For more information or confidential assistance
Call 800-306-3180

Stryker Hip Recall

One of the world’s premier medical technology companies, Stryker was founded in 1941 by Dr. Homer Stryker, and was initially known as “The Orthopedic Frame Company.” Over the past nearly 75 years, Stryker Orthopaedics has provided reconstructive, medical and surgical, and neurotechnology and spine products to help patients continue to live active lives.

With over 22,000 employees worldwide, Stryker has found great success in producing hip implants for use during total hip replacement surgery and hip resurfacing surgery. Two Stryker hip recall actions, however, marred their reputation in 2008 and 2012, alerting patients that the company had failed to properly test their products for public safety before releasing them on the market. Many recipients of Stryker hip replacements suffered unnecessary injuries before these recalls were implemented, and have since gone on to file lawsuits against the manufacturer, seeking compensation for their injuries, pain, and suffering.

The first Stryker hip replacement recall

The first Stryker hip recall occurred in 2008, when the company recalled certain components from the Trident hip system. Stryker and the FDA had been receiving reports of hip replacement complications with the implant, with patients complaining of popping and squeaking noises, pain, difficulty walking, component breakage, and broken bones.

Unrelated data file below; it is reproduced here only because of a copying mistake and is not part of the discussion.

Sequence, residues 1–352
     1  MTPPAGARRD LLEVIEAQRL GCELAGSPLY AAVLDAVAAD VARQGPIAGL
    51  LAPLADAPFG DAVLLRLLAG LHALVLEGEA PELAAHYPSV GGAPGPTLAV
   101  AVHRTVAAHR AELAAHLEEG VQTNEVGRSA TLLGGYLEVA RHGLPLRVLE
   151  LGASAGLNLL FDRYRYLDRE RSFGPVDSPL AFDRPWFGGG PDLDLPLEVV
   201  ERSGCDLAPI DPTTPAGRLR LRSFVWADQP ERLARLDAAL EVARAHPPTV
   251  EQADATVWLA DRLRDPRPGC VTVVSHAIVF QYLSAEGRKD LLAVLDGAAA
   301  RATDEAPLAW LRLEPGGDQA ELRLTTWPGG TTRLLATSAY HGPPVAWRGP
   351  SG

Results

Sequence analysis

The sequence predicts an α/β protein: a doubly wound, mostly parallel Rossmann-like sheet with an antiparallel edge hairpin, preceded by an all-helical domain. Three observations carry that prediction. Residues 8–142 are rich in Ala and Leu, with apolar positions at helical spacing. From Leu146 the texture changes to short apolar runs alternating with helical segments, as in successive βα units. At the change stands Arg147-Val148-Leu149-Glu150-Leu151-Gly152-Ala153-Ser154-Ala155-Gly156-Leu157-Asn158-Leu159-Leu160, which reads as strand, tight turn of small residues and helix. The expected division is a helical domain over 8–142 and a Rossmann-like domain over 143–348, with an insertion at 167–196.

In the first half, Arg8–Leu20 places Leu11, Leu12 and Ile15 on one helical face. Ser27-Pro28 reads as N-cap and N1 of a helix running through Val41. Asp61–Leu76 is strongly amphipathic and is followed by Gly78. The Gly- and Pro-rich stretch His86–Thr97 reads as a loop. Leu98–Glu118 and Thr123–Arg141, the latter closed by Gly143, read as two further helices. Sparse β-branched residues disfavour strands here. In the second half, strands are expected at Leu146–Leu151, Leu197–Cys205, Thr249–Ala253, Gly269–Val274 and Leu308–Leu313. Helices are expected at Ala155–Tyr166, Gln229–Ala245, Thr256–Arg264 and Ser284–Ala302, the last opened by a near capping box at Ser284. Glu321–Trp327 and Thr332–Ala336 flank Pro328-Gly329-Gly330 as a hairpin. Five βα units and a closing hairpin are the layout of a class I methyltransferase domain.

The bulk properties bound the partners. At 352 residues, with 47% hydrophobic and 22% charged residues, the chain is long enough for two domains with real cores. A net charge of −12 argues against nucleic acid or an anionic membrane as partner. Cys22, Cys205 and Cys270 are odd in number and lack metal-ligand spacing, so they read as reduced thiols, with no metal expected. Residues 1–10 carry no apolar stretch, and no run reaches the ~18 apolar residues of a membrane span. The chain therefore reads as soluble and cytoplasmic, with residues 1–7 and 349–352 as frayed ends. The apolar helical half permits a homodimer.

Approved by the FDA in 2003, the Stryker Trident hip implant was made of ceramic materials that were designed to give patients longer wear and durability. Starting in 2005, however, evidence began to point to a less-than-desirable outcome of this design.

  • 2005-2007: Starting in 2005, the complaints began to come in to the FDA about problems with the Trident hip implant. Patients and physicians reported problems like those mentioned above. Some patients had to go through revision surgery to remove the device and replace it with a new artificial hip.
  • March 2007: On March 15, 2007, the FDA issued a warning to Stryker. They had just finished an inspection of the Cork, Ireland manufacturing facility, and discovered that the facility was not conforming with certain good manufacturing practices, specifically as they related to the manufacture, packing, storage, and installation of the Trident implants. Secondly, they had not established or maintained any sort of process to fix problems with the products or to address any of the health risks associated with them.